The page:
“I don’t think it does,” he responds. “If it means we’re doing one hundred miles of barrier-protected lanes, that’s fantastic. If it means we’re doing sixty miles of barrier-protected and forty miles of buffer-protected lanes that’s still great. Ultimately barrier-protected and buffer-protected lanes are substantial improvements over what’s currently out there. It’s up to the individual to decide if they want to count them both as protected, but that’s what we’ve chosen to do as a department.”
I also asked Steven to provide his take on the terminology issue. “Mayor Emanuel’s transition plan said that ‘Beginning in the first year, twenty-five miles of protected bike lanes will be built each year to create bikeways that are comfortable for all ages and abilities,’” he writes. “The plan defined ‘protected bike lanes’ as being separated from traffic by a physical barrier. This is the well-defined standard, the one National Association of City Transportation Officials uses (CDOT Commissioner Gabe Klein is the treasurer of this organization), the one Active Transportation Alliance uses, and the one used internationally.”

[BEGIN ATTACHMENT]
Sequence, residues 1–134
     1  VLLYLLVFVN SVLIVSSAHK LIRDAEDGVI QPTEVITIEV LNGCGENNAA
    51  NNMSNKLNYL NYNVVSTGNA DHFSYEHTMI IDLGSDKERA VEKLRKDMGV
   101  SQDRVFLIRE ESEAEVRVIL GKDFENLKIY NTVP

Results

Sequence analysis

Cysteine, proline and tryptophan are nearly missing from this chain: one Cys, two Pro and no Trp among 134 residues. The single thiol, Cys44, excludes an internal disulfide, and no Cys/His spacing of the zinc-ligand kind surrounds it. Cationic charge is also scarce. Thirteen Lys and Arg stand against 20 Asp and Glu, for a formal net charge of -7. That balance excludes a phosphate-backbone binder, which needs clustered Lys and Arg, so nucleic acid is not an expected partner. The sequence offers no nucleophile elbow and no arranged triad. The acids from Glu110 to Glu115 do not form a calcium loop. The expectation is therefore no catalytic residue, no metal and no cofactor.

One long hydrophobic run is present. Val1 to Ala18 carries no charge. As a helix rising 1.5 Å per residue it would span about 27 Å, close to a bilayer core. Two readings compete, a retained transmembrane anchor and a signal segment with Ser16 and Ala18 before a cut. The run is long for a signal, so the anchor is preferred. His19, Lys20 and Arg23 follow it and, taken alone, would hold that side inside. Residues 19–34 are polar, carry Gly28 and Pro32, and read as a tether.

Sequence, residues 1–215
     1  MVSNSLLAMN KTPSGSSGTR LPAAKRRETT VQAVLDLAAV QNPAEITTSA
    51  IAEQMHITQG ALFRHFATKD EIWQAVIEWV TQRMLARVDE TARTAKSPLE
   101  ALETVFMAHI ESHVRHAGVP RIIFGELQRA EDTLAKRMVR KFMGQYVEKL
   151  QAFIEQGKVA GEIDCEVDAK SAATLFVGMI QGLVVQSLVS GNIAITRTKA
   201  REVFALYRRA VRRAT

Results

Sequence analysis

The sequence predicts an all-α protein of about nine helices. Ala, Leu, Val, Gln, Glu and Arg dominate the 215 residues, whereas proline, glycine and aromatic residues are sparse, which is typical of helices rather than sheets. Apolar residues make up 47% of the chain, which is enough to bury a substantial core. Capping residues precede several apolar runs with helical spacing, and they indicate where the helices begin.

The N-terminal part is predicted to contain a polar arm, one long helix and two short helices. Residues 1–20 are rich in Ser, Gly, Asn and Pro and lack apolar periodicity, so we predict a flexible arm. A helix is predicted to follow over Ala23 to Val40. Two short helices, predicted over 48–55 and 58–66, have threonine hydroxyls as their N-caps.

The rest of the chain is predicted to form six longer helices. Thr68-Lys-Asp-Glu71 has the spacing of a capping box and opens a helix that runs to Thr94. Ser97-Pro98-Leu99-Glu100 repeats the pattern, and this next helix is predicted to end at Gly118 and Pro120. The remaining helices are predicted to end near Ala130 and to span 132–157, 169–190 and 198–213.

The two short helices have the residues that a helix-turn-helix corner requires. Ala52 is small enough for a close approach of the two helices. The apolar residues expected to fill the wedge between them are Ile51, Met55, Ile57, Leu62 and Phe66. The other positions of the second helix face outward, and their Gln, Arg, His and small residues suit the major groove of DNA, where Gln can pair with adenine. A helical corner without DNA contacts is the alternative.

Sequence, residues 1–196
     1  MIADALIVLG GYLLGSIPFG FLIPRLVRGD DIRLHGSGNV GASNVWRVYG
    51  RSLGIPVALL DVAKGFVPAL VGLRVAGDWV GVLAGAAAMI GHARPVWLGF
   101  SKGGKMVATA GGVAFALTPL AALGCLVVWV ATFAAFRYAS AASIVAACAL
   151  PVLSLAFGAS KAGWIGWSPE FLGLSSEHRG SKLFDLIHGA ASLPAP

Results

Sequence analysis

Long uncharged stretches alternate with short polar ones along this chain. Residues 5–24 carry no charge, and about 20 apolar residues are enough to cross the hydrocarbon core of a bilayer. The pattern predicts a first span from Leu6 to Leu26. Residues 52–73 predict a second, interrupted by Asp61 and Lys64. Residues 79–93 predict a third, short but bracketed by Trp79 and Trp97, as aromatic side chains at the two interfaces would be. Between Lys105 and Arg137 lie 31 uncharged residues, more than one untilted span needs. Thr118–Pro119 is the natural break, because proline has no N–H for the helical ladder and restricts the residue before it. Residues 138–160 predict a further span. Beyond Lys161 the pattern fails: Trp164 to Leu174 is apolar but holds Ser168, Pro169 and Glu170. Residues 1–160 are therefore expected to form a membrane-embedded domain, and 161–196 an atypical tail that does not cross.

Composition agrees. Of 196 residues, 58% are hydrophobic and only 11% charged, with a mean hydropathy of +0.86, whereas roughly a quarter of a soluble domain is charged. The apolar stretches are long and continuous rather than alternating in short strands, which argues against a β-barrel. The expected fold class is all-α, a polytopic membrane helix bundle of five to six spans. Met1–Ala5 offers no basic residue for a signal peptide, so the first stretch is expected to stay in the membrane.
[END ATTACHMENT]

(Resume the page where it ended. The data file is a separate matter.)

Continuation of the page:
“CDOT’s redefining ‘protected bike lanes” to now include buffered lanes, which lack the protection parked cars provide, means some bikeways will be counted towards the goal of ‘100 miles of protected bike lanes’ that are not actually comfortable for all ages and abilities,” Steven adds. “The city’s Bike 2015 Plan set goals of reducing bike injuries by fifty percent, and increasing the bike mode share for short trips to five percent. This change may make it harder to achieve those goals.”